estimate approximation Vt+1 that is closest to by

    The only approximation that will be considered is the onemost similar to approximation value iteration and is the

    temporal-di erence solution which aims at finding the fixedffpoint by the update

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    SARSA()

    Coming to the first reinforcement learning algorithm,SARSA stands for State-Action-Reward-State-Action,as SARSA(0) requires only information on the currentand next state/action pair and the reward that was

    received for the transition. It conceptually performs policy iteration and uses

    TD() to update its action-value function Q. Morespecifically it performs optimistic policy iteration, where

    in contrast to standard policy iteration the policyimprovement step is based on an incompletelyevaluated policy.

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    Q-Learning

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    9.5 Further Issues

    Besides the stability concerns when using LCSto perform RL, there are still some furtherissues to consider, two of which will bediscussed in this section:

    The learning of long paths, and

    How to best handle the explore/exploitdilemma.

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    9.5.1 Long Path Learning

    The problem of long path learning is to find the optimalpolicy in sequential decision tasks when the solutionrequires learning of action sequences of substantiallength.

    While a solution was proposed to handle this problem[12], it was only designed to work for a particular problemclass, as will be shown after discussing how XCS fails atlong path learning. The classifier set optimality criterionfrom Chap. 7 might provide better results, but in general,long path learning remains an open problem.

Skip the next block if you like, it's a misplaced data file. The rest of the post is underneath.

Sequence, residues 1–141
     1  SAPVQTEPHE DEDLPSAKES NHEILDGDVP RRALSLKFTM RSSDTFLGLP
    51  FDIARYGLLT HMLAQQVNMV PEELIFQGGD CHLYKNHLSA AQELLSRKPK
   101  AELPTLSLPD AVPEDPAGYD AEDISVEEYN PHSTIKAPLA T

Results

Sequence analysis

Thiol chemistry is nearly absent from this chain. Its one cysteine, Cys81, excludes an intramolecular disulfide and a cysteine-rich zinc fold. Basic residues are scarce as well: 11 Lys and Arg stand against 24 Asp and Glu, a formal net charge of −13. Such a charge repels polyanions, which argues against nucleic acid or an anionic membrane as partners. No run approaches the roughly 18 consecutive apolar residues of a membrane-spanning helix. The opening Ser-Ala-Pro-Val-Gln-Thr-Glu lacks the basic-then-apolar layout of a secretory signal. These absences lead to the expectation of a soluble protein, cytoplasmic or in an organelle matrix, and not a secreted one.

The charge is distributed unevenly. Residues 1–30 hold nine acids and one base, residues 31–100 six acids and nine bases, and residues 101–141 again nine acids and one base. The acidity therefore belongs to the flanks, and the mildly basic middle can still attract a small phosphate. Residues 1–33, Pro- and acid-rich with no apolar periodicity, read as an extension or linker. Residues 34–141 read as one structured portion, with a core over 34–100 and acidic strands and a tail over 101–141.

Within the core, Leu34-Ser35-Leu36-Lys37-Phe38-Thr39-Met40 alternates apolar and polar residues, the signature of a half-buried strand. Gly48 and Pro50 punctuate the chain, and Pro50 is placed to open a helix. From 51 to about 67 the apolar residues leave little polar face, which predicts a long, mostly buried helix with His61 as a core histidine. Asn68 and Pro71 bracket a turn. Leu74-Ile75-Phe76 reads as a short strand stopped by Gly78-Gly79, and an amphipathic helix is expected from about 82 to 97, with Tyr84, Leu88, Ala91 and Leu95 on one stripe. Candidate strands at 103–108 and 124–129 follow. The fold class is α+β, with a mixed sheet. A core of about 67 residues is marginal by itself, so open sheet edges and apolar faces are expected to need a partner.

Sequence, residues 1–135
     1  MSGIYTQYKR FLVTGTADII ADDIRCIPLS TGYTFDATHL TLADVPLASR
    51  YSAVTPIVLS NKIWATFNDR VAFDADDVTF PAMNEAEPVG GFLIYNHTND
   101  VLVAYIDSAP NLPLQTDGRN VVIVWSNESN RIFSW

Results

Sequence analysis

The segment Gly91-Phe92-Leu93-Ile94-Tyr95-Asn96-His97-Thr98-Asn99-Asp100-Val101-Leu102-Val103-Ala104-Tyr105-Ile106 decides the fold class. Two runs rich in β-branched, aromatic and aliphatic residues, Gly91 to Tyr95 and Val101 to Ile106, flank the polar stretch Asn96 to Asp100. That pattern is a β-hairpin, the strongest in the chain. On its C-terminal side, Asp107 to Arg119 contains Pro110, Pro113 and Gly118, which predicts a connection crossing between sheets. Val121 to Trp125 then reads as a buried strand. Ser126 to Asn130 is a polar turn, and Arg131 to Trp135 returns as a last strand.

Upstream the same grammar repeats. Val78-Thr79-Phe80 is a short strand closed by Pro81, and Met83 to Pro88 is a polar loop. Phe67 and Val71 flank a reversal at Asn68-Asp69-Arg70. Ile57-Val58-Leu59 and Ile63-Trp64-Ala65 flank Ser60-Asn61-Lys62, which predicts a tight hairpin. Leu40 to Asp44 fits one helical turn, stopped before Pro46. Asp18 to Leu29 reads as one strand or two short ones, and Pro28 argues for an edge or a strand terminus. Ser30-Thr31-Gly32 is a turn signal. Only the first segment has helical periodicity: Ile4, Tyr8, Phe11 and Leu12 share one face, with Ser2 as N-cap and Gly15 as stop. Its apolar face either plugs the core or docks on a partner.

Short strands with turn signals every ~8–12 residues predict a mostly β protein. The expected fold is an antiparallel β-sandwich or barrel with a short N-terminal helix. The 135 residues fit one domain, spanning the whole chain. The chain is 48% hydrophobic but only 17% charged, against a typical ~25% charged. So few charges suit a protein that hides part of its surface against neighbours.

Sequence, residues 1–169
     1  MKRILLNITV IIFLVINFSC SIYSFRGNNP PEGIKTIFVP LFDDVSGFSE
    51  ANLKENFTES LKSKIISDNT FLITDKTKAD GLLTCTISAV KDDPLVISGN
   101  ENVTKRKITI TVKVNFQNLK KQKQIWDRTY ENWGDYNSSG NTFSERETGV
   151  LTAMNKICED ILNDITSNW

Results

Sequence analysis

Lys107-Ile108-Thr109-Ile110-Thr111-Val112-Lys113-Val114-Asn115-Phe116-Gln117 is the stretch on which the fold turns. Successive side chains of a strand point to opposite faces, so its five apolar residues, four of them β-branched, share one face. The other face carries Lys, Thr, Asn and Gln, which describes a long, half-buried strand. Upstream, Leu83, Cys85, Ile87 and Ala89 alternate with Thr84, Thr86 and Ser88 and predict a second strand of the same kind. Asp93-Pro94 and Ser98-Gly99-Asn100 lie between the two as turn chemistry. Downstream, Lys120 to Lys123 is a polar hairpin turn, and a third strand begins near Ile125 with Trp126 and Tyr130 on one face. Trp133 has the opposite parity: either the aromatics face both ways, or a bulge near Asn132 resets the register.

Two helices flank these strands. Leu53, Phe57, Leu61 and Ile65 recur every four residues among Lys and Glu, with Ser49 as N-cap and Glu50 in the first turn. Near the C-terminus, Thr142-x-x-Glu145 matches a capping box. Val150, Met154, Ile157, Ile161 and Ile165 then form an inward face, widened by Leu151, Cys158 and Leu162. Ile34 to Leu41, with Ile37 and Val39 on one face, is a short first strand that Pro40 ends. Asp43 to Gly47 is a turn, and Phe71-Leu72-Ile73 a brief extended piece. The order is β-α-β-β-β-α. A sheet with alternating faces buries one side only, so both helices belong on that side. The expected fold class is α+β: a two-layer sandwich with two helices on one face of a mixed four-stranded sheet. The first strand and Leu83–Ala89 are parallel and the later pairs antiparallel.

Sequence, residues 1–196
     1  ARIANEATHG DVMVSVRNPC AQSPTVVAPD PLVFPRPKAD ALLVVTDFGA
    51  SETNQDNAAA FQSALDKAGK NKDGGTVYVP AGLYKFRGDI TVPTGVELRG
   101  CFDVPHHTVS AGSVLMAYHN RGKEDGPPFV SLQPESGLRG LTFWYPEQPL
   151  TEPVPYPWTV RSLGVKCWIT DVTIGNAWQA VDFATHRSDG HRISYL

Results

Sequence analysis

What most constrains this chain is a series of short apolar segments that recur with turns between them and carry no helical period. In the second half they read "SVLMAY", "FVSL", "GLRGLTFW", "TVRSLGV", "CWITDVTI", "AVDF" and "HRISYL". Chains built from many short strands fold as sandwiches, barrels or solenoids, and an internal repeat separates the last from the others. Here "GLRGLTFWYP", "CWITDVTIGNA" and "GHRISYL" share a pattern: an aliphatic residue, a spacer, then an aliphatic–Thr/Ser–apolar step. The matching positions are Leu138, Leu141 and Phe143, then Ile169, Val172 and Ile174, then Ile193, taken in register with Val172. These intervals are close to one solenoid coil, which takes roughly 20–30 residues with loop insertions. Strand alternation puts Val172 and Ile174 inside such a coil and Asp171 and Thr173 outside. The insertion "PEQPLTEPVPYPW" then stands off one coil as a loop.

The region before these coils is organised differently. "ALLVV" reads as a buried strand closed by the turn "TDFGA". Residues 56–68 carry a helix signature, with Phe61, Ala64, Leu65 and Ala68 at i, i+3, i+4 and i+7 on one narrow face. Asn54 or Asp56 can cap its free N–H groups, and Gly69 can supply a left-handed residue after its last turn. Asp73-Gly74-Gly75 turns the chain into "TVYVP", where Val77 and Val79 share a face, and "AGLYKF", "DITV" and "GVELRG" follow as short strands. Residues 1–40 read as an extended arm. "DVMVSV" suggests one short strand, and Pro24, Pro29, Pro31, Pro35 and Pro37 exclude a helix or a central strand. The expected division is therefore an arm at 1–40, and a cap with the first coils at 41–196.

Long path learning is not only an issue for LCS, but forapproximate DP d RL in general.

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    XCS and Long Path Learning

    Consider the problem that is shown in Fig. 9.2.The aim is to find the policy that reaches theterminal state x6 from the initial state x1a in theshortest number of steps.

    In RL terms, this aim is described by giving areward of 1 upon reaching the terminal state,and a reward of 0 for all other transitions4 . The

    optimal policy is to alternately choose actions 0and 1, starting with action 1 in state x1a .

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    XCS and Long Path Learning

    The optimal value function V over the number ofsteps to the terminal state is for a 15-step corridor

    finite state world shown in Fig. 9.3(a). As can beseen, the di erence of the values of V betweenff two adjacent states decreases with the distancefrom the terminal state.

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    Using the Relative Error

    Barry proposed two preliminary approaches tohandle the problem in long path learning in XCS,both based on making the error calculation of aclassifier relative to its prediction of the value

    function [12]. The first approach is to estimate the distance of the

    matched states to the terminal state and scale theerror accordingly, but this approach su ers from theff

    inaccuracy of predicting this distance.

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    Using the Relative Error

    A second, more promising alternative proposed

    in his study is to scale the measured predictionerror by the inverse absolute magnitude of theprediction. The underlying assumption is that thedi erence in optimal values between twoff

    successive states is proportional to the absolutemagnitude of these values

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    A Possible Alternative?

    It was shown in Sect. 8.3.4 that the optimalitycriterion that was introduced in Chap. 7 is able

    to handle problem where the noise di ers inffdi erent areas of the input space. Given that itffis possible to use this criterion in anincremental implementation, will such an

    implementation be able to perform long pathlearning?

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    A Possible Alternative?

    Let us assume that the optimality criterion causes the size of the area of the input space that is matched by aclassifier to be proportional to the level of noise in the data, such that the model is refined in areas where theobservations are known to accurately represent the data-generating process. Considering only measurement noise,when applied to value function approximation this would lead to having more specific classifiers in states where thedi erence in magnitude of the value function for successive states is low, as in such areas this noise is deemed toffbe low. Therefore, the optimality criterion should provide an adequate value function approximation of the optimalvalue function, even in cases where long